Since the 1st April 2018, all new vehicles within the EU are required to be fitted with GPS and a cellular automated emergency calling system termed eCall. This enables an emergency call to be generated either by the passengers or automatically via activation of in-vehicle sensors such as the air bag when a serious road accident occurs. When activated, the system establishes a voice connection to the Public Safety Answering Point (PSAP) but should the passengers not be able to communicate, then a data connection is created to carry location information, a timestamp and the vehicle identification number.
The current eCall system is based on circuit switching and thus can only be supported on the GSM (2G) and UMTS (3G) networks, as LTE (4G) is packet switched and requires the addition of an IP Multimedia Subsystem (IMS) to support voices services or VoLTE. Work is underway to migrate the system to an IMS as many of the required features already exist in the IMS Emergency Call and IMS Multimedia Emergency Service. Furthermore, the European Telecommunication Standards Institute (ETSI) have proposed several migration scenarios for discussion but some of these still rely on circuit switching to support the voice call capability and therefore by implication, 2G and 3G. However, there are no agreed timescales to implement the 4G eCall service. Therefore, with vehicle development cycles lasting up to five years, the lifetime of said vehicles ranging from 10 to 15 years and 2.9 million new vehicles arriving on UK roads in 2018 alone, the number of vehicles with only a 2G / 3G eCall capability is going to grow by approximately 3 million per year until the 4G variant comes into service. As such, if we are to support this EU directive, even after Brexit, we may still require our 2G and 3G networks until well into the next decade and possibly even beyond.
These two examples are not the only use cases which may call for the continued support of 2G for some years to come. The lack of 4G coverage in some rural areas may impede the wishes of some mobile service providers to retire their 2G and 3G networks as they may need to meet regulatory obligations pertaining to network coverage. However, recent announcements by the four UK mobile service providers and the government to spend a further £1bn to improve rural 4G coverage by sharing cell towers may go some way to help. Nevertheless, many elderly subscribers have resisted the move to a “fully featured” 4G smartphone, capable of supporting VoLTE, as they value the relative simplicity of their feature phone and only typically use voice and text services. These users would need to be carefully migrated which in reality could prove costly in not only financial terms but also brand perception.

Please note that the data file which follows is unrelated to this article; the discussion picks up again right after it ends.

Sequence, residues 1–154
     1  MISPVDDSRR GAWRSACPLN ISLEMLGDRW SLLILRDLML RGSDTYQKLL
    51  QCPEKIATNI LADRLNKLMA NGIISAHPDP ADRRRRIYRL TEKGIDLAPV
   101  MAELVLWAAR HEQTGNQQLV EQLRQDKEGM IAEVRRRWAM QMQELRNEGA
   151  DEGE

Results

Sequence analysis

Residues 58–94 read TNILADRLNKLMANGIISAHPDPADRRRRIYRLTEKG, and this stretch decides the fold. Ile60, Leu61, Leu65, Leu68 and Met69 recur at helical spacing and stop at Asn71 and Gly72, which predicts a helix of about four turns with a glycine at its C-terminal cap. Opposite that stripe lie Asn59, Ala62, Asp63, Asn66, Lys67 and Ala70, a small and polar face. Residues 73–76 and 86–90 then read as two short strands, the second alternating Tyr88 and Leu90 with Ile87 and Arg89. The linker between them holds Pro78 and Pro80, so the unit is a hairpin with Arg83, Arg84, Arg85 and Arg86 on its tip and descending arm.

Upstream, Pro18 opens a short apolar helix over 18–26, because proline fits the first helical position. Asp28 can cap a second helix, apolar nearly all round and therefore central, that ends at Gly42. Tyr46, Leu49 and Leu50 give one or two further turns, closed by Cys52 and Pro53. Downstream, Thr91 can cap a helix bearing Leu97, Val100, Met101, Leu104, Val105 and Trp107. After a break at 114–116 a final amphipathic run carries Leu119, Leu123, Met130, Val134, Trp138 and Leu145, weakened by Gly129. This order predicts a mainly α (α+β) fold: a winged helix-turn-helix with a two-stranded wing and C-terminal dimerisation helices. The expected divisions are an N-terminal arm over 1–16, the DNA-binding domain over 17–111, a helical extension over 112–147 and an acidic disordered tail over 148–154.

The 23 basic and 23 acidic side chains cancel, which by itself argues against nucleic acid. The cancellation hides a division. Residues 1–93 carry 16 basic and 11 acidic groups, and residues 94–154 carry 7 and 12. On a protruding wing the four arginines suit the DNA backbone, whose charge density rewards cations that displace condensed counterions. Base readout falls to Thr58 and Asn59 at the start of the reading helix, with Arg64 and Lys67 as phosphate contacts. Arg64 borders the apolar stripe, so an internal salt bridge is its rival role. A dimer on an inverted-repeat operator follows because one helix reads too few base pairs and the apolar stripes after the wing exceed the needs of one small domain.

Furthermore, smart meters and eCall are not the only M2M services that currently rely on 2G and 3G networks with many additional services, including alarm notifications and asset tracking, also widely deployed. These services could in theory be migrated to 4G and NB-IoT but this could prove expensive if users are sitting on long term contracts and are unwilling to pay for additional performance that they may not require.
Clearly as we move into the 2020s and 5G becomes mainstream, mobile service providers are going to want to “sunset” these legacy networks to enable them to re-farm the spectrum, cut the cost of maintaining end of life equipment and rationalize their networks towards a virtualized service based architecture. However, doing so in the UK may not be that simple and we may well find ourselves celebrating GSM’s 40th birthday in 2031.